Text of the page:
>> home > the seanchai> curse of men
 

Earthwizard's Realms of Faërie

January, 27, 2005

Earthwizard's Realms of Faërie

beauty's face of light...

	    
	
	    Artwork (c) Earthwizard
	       
	
	The Curse of Men
		
	The Witches' know the curse of men,
	the darkened course of those who chase
	the goddess in her shifting guise:
	to catch her they all follow
	down the hole to her sweet lies;
	for the goddess can never be caught:
	she is the Virgin Queen of Sparrows;
	a man should of his true self be
	for this queen of light to know him;
	only if he in troth and deed
	he rises to the challenge,
	will this Queen of Purity
	know him as he is and follow:
	this is her Light to give or take,
	a man can only hope for;
	for never can he hope to gain
	her favor if he chases after her;
	he must in word and thought,
	hold her by the art of speech:
	for only truth she sees;
	and if he is her chosen man
	then on him will she bestow the crown of Love.


	
	   - Earthwizard, aka, Steven Craig Hickman
	      (c) January, 9, 2004



On Outlaws and Criminals in Pagan Worlds.... earthwizard

In fact in ancient custom and tribal law both in Welsh, Icelandic
and many of the extant texts that relate such things (being at work
cannot unload all the scholarship this will be founde on ):

A man who committed such acts as child theft, molestation, and any
of the major Oath breakings of Troth against either Land or Tribe
would be summoned to the Great Councils and prononced dead henceforth
and banished from the circle of the tribe and lands: to be a Warg, an
Outcast and Outlaw, a wolfman who could only live in the wild
places... and, then, once declared, any member of the family that
had been offended had full pardon from the tribe to hunt the Warg
down and do with them as they liked...

Punishment among the barbarian peoples generally fit
the "crime." For civil crimes (tort, wrongful death, etc.),
barbarians established a system called "weregild" among the Teutons,
and the "eric-fine" among the Celts. These were monies paid for
wrongful or negligent death to the kindred of the victims by the
perpetrators. The victim(s) kin decided the weregild or eric-fine,
and this was approved by the council of the Thing. (In less remote
areas, it was decided by general consensus). This particular system
of settling civil cases was not flawless of course, but it did much
to keep the cycle of revenge and counter-vengeance from escalating
out of control.

In Anglo-Saxon communities, crimes were dealt with swiftly and
effectively. In the event that a person was harmed or stolen from,
that person could call to his neighbors to pursue the wrongdoer. If
the chase led from the village to another village, all those in
pursuit would call to the members of their neighborhing village to
join the chase, and so on until the culprit was captured. It was
then up to the injured party to decide the penalty (which was often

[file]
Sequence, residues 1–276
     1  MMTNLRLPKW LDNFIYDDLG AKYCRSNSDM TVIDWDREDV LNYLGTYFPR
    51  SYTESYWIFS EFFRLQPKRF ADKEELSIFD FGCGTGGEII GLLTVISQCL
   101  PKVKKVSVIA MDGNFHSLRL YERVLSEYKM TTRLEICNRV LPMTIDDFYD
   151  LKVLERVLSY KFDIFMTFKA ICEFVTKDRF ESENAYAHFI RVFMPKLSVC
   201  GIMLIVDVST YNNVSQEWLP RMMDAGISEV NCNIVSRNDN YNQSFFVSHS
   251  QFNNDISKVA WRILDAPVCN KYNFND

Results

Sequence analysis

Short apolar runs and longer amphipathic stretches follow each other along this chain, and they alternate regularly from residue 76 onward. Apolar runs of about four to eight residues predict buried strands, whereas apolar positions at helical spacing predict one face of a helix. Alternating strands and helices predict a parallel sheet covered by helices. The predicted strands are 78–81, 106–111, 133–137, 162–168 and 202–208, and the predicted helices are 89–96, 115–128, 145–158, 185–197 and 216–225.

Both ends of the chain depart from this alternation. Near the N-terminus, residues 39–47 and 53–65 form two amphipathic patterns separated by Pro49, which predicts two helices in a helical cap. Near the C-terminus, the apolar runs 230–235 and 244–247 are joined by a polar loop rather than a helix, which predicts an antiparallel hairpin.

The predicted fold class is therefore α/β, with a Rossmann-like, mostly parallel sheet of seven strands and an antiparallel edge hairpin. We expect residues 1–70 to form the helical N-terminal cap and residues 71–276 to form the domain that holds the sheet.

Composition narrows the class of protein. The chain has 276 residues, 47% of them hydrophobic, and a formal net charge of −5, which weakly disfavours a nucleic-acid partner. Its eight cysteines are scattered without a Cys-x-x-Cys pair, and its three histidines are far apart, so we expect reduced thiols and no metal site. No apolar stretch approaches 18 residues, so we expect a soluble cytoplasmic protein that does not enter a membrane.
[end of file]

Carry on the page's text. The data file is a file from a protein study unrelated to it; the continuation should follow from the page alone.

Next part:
hanging). This method was known as the "Hue-and-Cry", a phrase which
we use to this day. It was by no means foolproof, as an unscrupulous
person with a grudge against his or her neighbor could create a false
hue-and cry and result in an innocent person's death or injury. This
was balanced by the fact that if a hue-and-cry was found to be based
upon a falsehood, the perpetrator was treated as an oathbreaker and
dealt with accordingly.

For worse crimes, such as oath-breaking (considered worse than
wrongful death or theft of property by the Norse and Germanics),
rape, treason, and willful murder (extremely rare in this culture),
the criminal was no longer considered to be human. He was made
a "warg"; meaning both wolf and outlaw, and became an outdweller,
living apart from the rest of humanity since, by his action, he had
set himself apart from normal humans. In the Volsung saga, both
Fafnir and Reginn become "wargs" after they murder their father for
the Rhinegold; Fafnir eventually tranforms himself into a dragon with
the use of the Tarnhelm (Helm of Awe), while Reginn dwells among the
Svartalfs (dwarves) and becomes one of them. Reginn does eventually
return to interact with humanity but, being a Svartalf, can never
fully regain his humanness. Both Sigimund and his son Sfinjolti live
as "wargs" in the woods, shape-changing into wolves and preying on
passing merchants and thanes of their enemy, Sigigaiar, husband of
Sigimund's sister Sieglinde.

Among the Celts, especially the Tuatha de Danaan, the
perpetrator of a foul or horrible crime had to become that which they
most feared. In the legend of Lir's children, their stepmother, out
of sheer jealousy, curses them by turning them into swans. For her
crime, the god Lugh forces her to reveal that which she most fears,
which is a "Spirit of the Air" (a Bain Sidhe, or "Banshee.") As soon
as she reveals this, she is immediately transformed into one, and
goes shrieking off into the night, never to be seen again. Much of
this is legend and allegory, but it does show the concept of
the "warg" again, the outdweller; one that, by their actions, has
trespassed beyond the boundaries of humanity and cannot return. In
actuality, greater crimes among the Celts were expiated by the laying
of a "geas", or the performance of a duty, that the criminal had to
complete in order to clear his/her name. Gradually, the term "geas"
came to mean "curse."


or return to earthwizard's home

		
Contact Us  |  Terms and Conditions  |  Privacy Policy Copyright © 2003 - 2004 by earthwisdom.info All rights reserved.